Few weeks ago Remember the Milk (RTM) has celebrated 7th year anniversary. I’ve used this web app for almost three years both as free and paid user. I think it’s a good time to look at it again and get a reminder of all the different features available to RTM users that can take the app to the next level. I hope you will find some useful ideas.
- use a bit better RTM – this browser extension adds three nice features to the web client. First you can drag and drop items between lists, second you can create new static lists straight from the main view, third see the number of tasks in each list – handy for getting a better picture of where you are. I covered this on my blog before.
- use smart add – is one of the best features of RTM, not only you can add new tasks but you can specify all the necessary meta information like the list it should go to, tags, location, duration, due date etc. If you already know where the tasks goes, smart add greatly reduces time required to manage them. Learning the few special characters is easy and if you use mobile client you can even see handy tip with each character explained. RTM site has a good overview of this.
- use smart list – are you familiar with smart playlist in you iTunes or other media player? This is the same but done for tasks. Rather than painstakingly move tasks between lists make sure you put relevant attributes to them and then setup a list based on those elements. You want to see all your @home tasks simply type @home into search and then save it as your list. This functionality goes beyond that. If you spend some time understanding the syntax you can create a much more powerful lists based on multiple criteria e.g showing tasks due today and those overdue, showing items with specific context and priority. The number of different combinations is astounding and would fit everyone’s needs. I will be posting bit more about this in near future but you can start on the basics here.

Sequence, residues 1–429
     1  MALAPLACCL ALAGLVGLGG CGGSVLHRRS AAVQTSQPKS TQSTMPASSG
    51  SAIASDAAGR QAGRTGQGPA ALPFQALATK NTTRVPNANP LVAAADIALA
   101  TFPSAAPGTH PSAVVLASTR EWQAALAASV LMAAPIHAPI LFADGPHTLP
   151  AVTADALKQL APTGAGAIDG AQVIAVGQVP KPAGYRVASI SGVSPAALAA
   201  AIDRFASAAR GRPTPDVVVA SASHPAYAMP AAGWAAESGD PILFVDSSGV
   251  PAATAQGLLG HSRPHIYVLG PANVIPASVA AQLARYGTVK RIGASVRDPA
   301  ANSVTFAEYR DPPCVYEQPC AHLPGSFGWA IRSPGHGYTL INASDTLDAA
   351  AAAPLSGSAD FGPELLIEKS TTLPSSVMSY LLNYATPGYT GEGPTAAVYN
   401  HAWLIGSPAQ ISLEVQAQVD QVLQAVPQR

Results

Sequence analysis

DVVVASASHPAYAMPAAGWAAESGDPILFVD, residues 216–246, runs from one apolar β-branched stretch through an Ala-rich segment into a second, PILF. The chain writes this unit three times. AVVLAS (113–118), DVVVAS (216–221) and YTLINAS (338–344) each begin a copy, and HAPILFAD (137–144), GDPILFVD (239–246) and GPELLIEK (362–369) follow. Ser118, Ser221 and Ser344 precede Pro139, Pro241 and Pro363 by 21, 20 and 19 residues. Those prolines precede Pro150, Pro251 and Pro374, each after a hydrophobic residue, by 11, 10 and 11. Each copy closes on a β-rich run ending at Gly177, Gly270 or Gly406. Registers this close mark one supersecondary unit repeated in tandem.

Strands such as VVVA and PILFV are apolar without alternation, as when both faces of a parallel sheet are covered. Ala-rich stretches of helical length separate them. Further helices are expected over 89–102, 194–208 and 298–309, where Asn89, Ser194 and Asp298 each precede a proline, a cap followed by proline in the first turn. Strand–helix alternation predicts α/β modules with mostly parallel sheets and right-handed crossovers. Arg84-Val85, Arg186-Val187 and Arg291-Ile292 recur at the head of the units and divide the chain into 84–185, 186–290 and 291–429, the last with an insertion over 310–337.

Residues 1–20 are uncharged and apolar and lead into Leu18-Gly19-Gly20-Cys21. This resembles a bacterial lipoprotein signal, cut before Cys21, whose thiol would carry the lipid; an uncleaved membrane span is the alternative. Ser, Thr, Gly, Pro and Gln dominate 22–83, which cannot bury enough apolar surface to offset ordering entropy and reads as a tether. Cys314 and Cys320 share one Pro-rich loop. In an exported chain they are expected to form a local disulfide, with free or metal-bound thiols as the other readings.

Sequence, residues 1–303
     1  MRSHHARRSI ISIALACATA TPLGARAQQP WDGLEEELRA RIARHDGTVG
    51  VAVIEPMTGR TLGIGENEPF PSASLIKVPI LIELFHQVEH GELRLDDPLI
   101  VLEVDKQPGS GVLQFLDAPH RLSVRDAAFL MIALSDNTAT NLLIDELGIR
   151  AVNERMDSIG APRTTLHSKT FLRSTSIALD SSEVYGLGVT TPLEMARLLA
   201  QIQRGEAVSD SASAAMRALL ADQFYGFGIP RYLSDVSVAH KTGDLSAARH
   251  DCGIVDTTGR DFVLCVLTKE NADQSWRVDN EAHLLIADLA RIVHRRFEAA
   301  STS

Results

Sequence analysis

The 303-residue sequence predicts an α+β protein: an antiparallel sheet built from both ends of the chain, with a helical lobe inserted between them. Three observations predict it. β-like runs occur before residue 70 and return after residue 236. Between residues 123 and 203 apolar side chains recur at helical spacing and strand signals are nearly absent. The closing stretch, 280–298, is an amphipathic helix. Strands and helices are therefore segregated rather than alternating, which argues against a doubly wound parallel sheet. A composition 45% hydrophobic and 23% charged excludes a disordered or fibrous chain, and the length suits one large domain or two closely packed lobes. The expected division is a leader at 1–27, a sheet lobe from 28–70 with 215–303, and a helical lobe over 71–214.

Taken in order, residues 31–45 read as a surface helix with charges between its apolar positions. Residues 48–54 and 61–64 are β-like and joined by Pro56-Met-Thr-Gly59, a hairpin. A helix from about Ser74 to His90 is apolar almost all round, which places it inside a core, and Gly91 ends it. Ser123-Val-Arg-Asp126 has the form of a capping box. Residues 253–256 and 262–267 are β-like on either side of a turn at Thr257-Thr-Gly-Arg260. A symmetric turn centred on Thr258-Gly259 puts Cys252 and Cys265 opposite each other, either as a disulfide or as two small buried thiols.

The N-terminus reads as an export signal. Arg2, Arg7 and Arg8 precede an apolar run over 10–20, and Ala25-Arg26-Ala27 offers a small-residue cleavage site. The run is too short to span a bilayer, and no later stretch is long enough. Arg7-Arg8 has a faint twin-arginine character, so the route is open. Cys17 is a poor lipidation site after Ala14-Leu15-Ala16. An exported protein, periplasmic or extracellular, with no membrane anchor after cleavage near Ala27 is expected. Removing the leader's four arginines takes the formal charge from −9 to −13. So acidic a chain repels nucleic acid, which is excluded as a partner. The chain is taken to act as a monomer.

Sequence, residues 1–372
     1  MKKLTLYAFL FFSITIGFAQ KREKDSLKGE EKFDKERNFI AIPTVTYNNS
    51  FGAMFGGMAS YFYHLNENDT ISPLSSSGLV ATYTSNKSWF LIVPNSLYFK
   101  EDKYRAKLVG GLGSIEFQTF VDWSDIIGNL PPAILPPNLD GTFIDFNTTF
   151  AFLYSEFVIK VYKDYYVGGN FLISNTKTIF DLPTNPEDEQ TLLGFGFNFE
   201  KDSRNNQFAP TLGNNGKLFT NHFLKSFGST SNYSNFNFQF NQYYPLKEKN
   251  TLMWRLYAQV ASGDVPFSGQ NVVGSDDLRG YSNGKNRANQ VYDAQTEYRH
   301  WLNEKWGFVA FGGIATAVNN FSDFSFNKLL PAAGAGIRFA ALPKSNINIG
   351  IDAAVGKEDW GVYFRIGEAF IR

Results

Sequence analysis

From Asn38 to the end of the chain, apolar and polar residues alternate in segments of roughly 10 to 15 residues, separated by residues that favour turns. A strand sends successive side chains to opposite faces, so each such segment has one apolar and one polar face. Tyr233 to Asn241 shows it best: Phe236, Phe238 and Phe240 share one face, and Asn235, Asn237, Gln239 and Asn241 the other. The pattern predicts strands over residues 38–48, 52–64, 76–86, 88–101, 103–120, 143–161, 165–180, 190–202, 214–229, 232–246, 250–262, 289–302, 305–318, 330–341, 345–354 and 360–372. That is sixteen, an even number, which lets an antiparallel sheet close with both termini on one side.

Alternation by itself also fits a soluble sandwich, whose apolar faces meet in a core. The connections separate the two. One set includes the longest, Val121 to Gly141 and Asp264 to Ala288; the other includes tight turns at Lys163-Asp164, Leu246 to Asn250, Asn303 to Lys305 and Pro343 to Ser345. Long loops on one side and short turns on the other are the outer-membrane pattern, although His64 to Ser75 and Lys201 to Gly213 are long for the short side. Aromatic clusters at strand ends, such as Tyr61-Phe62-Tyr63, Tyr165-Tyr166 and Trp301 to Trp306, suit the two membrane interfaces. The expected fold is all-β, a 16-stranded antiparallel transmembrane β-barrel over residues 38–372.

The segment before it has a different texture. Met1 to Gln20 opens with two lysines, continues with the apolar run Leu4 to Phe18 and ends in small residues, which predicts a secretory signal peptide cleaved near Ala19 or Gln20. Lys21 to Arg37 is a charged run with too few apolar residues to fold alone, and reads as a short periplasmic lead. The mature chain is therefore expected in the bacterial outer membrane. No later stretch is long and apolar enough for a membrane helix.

- use smartphone client – having access to your tasks on the go is an important aspect of staying productive and effective. throughout every week there are unexpected moments of downtime, meetings are cancelled at last-minute, trains are missed etc. These are perfect opportunities to pick up your list and review what’s there. RTM has excellent smartphone apps for both iPhone and Android. They provide offline access to all of your current tasks and lists. Plus if you use location feature they we alert you if you are near the store or other place you have assigned your tasks to.